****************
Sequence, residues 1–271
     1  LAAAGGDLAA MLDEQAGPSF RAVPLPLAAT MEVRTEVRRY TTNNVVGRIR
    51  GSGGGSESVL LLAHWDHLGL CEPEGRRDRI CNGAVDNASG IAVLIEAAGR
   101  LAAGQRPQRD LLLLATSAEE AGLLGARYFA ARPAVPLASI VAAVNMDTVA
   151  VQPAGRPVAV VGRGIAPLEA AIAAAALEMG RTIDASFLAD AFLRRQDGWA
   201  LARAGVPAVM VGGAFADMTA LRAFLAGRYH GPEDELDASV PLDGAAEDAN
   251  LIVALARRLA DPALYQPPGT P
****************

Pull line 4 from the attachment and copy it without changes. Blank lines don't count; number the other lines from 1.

   101  LAAGQRPQRD LLLLATSAEE AGLLGARYFA ARPAVPLASI VAAVNMDTVA